Can you guess whether the DMV rejected these license plates?
A federal judge has given the go-ahead to a lawsuit against the California Department of Motor Vehicles by a constitutional law professor whose vanity license plate request was spurned by the DMV.
Jonathan Kotler, who teaches at the University of Southern California Annenberg School for Communication and Journalism, is a self-professed “avid soccer fan” whose favorite team is FC Fulham, known for their white jerseys and the fan chant of “Come on you whites,” according to a complaint filed by Kotler in the United States District Court for the Central District of California.
After Fulham “enjoyed its most successful season in recent years” in 2018, Kotler sought to have the letters “COYW” emblazoned on a California vanity environmental license plate.
In response, Kotler received a letter from the DMV, calling the letters “offensive to good taste and decency.” In further correspondence, the DMV said that “’Come on you whites’ can have racial connotations,” according to the complaint.
Kotler — who has served as legal counsel for the California First Amendment Coalition, the Los Angeles chapter of the Society of Professional Journalists and the California Freedom of Information Committee — filed a lawsuit, alleging that the state, in restricting his plate choice, was restricting his First Amendment rights.
Kotler’s lawsuit seeks to block the state “from continuing to enforce the ban on personalized license plate configurations that ‘may carry connotations offensive to good taste and decency,” according to the complaint.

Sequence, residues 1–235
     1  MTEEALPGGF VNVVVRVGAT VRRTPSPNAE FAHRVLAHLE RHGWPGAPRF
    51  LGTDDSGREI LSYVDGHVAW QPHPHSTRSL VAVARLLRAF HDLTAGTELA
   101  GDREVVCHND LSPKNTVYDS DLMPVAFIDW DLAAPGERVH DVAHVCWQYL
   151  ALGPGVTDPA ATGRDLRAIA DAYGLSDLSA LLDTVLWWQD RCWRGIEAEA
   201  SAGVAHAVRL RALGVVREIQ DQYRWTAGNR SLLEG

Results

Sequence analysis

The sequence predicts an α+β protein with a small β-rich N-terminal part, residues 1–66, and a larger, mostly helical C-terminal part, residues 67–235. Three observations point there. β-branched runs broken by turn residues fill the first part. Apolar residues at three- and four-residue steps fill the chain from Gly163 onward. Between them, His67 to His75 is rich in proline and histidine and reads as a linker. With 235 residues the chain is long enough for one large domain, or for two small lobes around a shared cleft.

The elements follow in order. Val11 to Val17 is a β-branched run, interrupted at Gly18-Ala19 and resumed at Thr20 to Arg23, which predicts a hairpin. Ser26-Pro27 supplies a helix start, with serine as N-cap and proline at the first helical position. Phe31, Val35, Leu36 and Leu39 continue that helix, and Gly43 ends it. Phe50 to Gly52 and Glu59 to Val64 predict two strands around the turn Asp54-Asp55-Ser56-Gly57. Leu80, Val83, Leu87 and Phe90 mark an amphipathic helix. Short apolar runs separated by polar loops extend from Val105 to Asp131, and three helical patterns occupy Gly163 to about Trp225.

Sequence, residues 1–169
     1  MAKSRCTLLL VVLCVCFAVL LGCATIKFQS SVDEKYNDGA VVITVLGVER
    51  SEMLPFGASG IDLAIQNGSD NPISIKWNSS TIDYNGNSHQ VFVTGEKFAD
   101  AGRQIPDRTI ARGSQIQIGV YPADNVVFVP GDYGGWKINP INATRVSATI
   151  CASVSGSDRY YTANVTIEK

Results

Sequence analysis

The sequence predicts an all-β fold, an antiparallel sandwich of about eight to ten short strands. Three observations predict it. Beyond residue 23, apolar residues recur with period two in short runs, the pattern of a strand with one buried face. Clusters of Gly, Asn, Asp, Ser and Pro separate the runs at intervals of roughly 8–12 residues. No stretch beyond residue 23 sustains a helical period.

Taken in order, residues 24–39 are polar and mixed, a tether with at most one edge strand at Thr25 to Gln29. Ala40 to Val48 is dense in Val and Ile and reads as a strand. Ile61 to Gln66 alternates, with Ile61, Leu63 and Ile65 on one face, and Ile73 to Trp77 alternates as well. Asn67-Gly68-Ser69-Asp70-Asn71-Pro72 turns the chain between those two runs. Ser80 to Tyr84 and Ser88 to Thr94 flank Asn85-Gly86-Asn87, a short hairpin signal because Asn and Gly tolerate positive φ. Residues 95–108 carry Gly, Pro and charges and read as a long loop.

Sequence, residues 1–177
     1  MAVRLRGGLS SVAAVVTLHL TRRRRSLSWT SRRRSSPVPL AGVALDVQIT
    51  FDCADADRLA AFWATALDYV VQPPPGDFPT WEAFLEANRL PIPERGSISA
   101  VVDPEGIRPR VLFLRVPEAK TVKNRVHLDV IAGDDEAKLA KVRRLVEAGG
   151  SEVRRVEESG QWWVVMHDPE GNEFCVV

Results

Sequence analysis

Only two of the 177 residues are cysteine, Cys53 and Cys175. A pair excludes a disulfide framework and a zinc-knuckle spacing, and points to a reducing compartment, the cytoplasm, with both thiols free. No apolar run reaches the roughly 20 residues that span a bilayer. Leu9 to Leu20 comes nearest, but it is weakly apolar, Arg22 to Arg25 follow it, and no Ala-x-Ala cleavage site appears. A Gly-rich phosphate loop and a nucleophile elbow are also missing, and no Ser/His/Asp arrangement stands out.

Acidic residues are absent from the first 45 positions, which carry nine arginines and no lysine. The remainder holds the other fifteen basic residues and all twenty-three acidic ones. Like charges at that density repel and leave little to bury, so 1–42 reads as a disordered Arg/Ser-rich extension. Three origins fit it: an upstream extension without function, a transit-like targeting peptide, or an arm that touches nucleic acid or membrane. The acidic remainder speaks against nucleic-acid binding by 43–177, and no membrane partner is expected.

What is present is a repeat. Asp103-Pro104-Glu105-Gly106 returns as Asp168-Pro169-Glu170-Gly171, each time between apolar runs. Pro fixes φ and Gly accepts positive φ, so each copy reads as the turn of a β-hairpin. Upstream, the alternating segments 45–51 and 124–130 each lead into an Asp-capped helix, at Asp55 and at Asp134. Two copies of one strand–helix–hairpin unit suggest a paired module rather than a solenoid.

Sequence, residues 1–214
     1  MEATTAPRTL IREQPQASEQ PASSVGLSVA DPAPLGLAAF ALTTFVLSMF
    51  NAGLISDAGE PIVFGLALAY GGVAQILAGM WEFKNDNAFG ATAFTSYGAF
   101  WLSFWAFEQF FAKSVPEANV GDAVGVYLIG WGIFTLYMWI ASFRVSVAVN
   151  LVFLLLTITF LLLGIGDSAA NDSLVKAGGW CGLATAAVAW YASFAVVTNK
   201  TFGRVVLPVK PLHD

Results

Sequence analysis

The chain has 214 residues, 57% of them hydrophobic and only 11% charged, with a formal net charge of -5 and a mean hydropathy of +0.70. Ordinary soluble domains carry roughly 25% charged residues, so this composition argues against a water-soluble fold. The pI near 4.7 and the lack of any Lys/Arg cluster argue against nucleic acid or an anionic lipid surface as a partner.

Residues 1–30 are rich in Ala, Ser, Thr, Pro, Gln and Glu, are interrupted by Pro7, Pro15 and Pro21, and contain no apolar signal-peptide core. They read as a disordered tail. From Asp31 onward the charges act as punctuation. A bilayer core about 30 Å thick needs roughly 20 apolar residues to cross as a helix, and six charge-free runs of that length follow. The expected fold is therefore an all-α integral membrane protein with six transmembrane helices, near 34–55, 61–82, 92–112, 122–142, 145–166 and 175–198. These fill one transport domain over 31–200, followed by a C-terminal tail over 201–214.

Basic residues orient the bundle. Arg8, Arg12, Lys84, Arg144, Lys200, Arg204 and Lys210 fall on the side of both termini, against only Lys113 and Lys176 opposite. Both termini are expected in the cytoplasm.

The state, in response, filed a motion to dismiss the case, arguing that “license plates are government speech not subject to First Amendment scrutiny.”
“Necessarily, the registration numbers displayed on California license plates are also government speech. Therefore, (Kotler’s) claims fails as a matter of law and should be dismissed without leave to amend,” the state argued in a motion to dismiss.
U.S. District Court Judge George Wu expressed skepticism toward the State of California’s argument.
In his order denying the state’s motion to dismiss, Wu wrote that “turning to audience perception, the Court thinks it strains believability to argue that viewers perceive the government as speaking through personalized vanity plates,” according to court documents.
“Although randomly-generated registration numbers, and license plates in general, may be closely identified with the state in the mind of the public, the same is not true of the personalized messages on vanity plates,” he added.
Wu wrote that parties should discuss how the court should proceed, but that he disagreed with the state that a motion to dismiss “is the proper procedural vessel by which to analyze the issue,” according to court documents.